As summarized in the last post on this topic, the primary halachic authorities maintain that there is no actual obligation for a Jewish man to cover his head. Nevertheless, it is a middas chassidus (pious practice) and a universally accepted custom. In this post we will discuss whether or not there is another reason to prohibit Jewish men from having their heads uncovered: the prohibition of following in the chukos ha’akum (the ways of non-Jewish religions; see Vayikra [Leviticus] 18:3)
The Taz (Orach Chaim § 8(3)) states that although there is no inherent obligation for a Jewish man to cover his head, it is forbidden for one to leave his head uncovered. The reason for this is because, at that time (in mid-17th century Poland), the prevalent custom of religious non-Jews was to uncover their heads to show reverence to their deity. According to the Taz, this is sufficient to qualify the uncovering of one’s head as a chok ha’akum. Consequently, Jewish men must not have their heads uncovered, especially since the practice of covering one’s head is to instill humility and fear of God in one’s heart. (See also Chasam Sofer, Nedarim 30b, making the same assertion.) This would apply even if one is sitting or standing in one place, unless it is clear that one’s head is uncovered for a specific reason (e.g. cooling off or getting a haircut).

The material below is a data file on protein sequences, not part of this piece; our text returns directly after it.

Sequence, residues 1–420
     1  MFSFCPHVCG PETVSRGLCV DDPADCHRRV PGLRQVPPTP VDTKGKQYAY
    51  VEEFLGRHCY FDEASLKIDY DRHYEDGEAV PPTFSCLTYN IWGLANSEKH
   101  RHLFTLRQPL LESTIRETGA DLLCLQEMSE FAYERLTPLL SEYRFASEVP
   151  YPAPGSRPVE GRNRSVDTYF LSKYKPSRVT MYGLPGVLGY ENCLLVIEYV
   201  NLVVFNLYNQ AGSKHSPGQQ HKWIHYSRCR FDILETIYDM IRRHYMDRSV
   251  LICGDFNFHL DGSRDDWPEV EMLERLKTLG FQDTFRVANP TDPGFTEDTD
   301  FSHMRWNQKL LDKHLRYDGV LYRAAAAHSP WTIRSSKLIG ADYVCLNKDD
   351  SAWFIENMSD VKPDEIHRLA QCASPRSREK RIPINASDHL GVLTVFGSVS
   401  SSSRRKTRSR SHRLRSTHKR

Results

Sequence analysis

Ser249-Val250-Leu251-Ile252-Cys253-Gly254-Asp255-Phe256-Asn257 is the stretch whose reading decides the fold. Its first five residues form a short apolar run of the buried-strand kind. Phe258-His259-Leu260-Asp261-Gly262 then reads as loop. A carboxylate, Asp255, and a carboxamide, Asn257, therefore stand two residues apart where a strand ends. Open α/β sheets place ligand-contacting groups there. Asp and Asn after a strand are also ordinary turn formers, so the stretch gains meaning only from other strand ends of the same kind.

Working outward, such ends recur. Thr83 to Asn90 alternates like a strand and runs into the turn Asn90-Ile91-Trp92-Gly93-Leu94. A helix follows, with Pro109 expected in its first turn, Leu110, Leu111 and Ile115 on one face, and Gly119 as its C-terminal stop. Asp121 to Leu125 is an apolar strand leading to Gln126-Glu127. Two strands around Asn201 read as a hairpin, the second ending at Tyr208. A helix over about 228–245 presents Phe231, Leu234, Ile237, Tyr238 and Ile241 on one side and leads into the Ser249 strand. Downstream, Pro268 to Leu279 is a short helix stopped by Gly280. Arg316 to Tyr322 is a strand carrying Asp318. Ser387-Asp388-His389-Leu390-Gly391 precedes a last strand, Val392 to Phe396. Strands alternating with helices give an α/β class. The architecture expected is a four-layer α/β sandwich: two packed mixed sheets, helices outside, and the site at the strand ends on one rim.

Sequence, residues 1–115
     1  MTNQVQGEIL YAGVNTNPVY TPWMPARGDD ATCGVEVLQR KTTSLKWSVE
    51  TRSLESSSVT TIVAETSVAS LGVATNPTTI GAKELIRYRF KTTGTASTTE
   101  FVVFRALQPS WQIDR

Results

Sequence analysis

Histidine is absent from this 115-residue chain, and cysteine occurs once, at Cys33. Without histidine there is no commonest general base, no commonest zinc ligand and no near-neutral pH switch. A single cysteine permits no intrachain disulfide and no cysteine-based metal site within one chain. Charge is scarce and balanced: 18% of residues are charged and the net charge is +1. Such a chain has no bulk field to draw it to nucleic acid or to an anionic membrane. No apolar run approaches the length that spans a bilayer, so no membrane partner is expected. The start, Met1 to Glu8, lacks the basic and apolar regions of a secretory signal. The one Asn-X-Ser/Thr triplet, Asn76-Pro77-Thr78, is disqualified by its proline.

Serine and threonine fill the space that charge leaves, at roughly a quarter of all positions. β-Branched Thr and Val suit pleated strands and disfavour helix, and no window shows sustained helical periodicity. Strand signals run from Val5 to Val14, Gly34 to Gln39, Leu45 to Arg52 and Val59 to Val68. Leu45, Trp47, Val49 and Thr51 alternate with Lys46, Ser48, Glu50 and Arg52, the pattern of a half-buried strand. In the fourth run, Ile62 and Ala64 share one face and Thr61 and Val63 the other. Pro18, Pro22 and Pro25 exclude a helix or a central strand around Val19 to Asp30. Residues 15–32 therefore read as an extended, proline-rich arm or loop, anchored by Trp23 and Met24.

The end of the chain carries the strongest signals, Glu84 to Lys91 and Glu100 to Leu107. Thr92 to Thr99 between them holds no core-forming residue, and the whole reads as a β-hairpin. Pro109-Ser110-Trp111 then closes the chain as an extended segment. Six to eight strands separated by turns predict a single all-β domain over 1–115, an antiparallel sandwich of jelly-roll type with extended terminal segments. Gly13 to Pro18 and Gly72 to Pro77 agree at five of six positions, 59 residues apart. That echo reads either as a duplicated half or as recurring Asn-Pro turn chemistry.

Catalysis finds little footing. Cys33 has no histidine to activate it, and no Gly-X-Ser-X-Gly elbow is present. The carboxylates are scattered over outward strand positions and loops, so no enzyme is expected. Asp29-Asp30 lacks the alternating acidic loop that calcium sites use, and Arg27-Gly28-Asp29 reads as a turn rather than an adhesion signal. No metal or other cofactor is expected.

Nevertheless, in modern times, a number of prominent halachic authorities have said that the Taz’s reasoning no longer applies. For example, Rabbi Moshe Feinstein (Igros Moshe, Yoreh Dei’ah, vol. 4, § 11(3)) states that the prohibition of chukos ha’akum does not apply to a course of action that all people follow, even the irreligious. Thus, hypothetically, if a religious group of non-Jews would eat a certain type of food as a religious practice, Jews would not be prohibited from eating that food, since even irreligious people eat such food. The same reasoning applies to uncovering one’s head. In current day America and Europe, all men walk around with their heads uncovered (even irreligious ones) because it is more comfortable for them. Thus, the uncovering of one’s head is not prohibited as a chok ha’akum.
Despite the fact that there is no inherent obligation for a Jewish man to cover his head, it is still a universal custom amongst Torah-observant Jews (which itself makes the practice almost mandatory). Additionally, a Jewish man should cover his head in order to distinguish himself as Torah-observant, and to avoid being suspected by fellow Jews as lax in his religious observance. (See Rabbi Ovadia Yosef, Yabia Omer, vol. 9, § 1) Finally, as will be discussed in a future post, there are some circumstances when covering one’s head is absolutely required, such as during prayer (see Shulchan Aruch, Orach Chaim § 91(3)).